I like a city that can inspire, one that has endless nooks and crannies which I can fall in love with – and Osaka is brimming with this: diversity, hidden alleys, nightlife and good street food.
This city bubbles with liveliness and walking down the main districts give you a sense that you’re a part of a city of reputation and pride. The men are almost as detailed as the women and I found it so funny when I realised how seriously the people take after their country’s output of art and creativity.
Japan obviously equates (at least partially) to anime and in that, it also equates to fantasy worlds. The women literally look like anime characters and the trends mimic this doe-eyed, child-like beauty. Heavily darkened coats of mascara with copious amounts of blush (sometimes applied in defined oval shapes under the eyes). Glistening lips and an odd array of coloured contacts and hair dye are all seen in the mix of fashion and beauty here. As I mentioned before, even the men surprise me. They don’t seem to wear makeup per say but I couldn’t quite get over how much of a surprise it was to see guys that plucked and shaped their eyebrows into high bridges. Anime characters, like I said.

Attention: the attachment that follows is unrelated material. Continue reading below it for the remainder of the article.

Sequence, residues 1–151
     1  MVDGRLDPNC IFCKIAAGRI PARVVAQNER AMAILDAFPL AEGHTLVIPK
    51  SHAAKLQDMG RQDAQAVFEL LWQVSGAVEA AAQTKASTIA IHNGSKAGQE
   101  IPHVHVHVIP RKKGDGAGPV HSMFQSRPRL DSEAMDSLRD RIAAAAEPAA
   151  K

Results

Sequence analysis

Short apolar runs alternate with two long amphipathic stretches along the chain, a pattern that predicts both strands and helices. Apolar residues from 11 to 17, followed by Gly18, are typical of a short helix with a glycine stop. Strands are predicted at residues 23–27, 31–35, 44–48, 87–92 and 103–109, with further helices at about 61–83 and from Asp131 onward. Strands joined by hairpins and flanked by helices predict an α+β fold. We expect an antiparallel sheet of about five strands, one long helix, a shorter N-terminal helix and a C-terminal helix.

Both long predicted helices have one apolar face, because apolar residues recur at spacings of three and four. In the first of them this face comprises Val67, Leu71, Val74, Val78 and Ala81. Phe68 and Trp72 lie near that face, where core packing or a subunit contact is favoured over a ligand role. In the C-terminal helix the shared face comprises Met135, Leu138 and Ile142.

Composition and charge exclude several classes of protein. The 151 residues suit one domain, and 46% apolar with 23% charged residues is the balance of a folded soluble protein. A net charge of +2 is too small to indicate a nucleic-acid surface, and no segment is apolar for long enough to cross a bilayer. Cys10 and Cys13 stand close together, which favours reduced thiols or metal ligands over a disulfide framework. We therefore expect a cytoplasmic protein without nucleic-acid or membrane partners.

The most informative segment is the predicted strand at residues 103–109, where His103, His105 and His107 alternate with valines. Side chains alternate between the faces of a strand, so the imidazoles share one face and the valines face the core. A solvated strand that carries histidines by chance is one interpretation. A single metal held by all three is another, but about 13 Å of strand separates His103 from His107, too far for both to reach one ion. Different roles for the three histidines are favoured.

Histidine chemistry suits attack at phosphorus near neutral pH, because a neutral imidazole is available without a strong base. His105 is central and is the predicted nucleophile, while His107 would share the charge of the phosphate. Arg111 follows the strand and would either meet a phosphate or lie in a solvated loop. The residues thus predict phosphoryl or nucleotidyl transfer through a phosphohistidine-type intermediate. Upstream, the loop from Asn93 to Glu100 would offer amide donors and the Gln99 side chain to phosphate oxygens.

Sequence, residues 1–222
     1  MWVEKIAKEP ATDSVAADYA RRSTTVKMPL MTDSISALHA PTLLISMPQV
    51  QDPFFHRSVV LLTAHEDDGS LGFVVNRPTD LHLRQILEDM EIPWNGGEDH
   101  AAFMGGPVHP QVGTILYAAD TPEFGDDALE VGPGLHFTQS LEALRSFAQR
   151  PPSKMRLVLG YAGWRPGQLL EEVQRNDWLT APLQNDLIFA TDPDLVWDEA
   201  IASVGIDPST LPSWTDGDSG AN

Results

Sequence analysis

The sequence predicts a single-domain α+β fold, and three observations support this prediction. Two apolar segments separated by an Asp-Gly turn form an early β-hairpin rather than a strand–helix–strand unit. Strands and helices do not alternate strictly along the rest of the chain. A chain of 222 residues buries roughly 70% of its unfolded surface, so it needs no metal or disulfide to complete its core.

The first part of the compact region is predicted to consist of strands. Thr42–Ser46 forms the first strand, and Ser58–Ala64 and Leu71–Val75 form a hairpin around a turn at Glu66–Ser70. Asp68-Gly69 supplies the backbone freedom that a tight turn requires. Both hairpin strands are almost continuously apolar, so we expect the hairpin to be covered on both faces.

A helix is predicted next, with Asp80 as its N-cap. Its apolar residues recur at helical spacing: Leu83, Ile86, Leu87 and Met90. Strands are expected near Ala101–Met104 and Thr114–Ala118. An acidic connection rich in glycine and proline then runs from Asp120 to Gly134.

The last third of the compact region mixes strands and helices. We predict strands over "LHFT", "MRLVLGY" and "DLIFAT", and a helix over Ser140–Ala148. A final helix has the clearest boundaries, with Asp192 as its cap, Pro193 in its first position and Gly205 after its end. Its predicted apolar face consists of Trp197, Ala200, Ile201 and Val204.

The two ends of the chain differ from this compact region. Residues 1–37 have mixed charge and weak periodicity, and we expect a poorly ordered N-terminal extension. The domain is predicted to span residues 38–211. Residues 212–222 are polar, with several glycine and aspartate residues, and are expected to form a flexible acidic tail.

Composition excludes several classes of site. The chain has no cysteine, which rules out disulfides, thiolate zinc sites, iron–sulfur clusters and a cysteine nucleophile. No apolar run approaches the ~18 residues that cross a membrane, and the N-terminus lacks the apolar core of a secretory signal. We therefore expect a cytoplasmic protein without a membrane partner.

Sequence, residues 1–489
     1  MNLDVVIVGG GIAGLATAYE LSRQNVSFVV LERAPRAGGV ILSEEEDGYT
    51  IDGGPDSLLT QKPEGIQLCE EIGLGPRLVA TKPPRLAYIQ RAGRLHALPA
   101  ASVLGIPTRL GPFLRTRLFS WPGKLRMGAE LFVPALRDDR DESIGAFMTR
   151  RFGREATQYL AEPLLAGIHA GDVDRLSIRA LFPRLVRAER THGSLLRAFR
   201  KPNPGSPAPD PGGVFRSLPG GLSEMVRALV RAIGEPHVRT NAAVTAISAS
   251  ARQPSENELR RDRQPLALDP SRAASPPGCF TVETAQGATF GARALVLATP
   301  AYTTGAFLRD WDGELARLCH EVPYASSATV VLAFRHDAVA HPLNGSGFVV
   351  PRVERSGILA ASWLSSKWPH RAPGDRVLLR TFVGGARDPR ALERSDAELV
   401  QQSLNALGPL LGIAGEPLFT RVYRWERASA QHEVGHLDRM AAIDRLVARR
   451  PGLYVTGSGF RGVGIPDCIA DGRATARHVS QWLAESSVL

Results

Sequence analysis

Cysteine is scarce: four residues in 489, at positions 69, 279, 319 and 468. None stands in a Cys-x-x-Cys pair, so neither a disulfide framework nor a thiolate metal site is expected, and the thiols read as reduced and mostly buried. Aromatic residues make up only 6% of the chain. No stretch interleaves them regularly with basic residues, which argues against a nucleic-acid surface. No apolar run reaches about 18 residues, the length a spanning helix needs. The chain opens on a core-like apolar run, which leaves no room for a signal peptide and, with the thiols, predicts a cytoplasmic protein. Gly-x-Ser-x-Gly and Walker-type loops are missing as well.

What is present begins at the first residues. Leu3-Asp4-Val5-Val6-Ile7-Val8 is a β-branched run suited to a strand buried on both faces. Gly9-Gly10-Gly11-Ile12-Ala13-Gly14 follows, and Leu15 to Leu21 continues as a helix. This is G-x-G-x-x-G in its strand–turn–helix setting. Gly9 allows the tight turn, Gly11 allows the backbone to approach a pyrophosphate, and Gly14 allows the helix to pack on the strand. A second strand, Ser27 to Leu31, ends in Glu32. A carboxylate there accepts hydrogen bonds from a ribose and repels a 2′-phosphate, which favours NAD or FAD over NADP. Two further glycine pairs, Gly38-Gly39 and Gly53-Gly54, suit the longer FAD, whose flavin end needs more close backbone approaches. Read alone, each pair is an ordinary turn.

When I compare it to Australian fashion, it is indeed a completely different expression altogether. Sure, elaborate eyebrows that take a good 15min to perfect are really in at the moment but if I had to describe Aussie women, it’d be effortlessly chic and sexy, a mixture of mood expressions captured through clothing. In Japan, rather than individual expression, it often appears to be collective. I mean, I saw so many camel-coloured coats and so many fedora hats. Every girl radiated with class and salon-hair looks and similarly feminine beauty trends.
It was nice being apart of it, even if it was just for 3 days.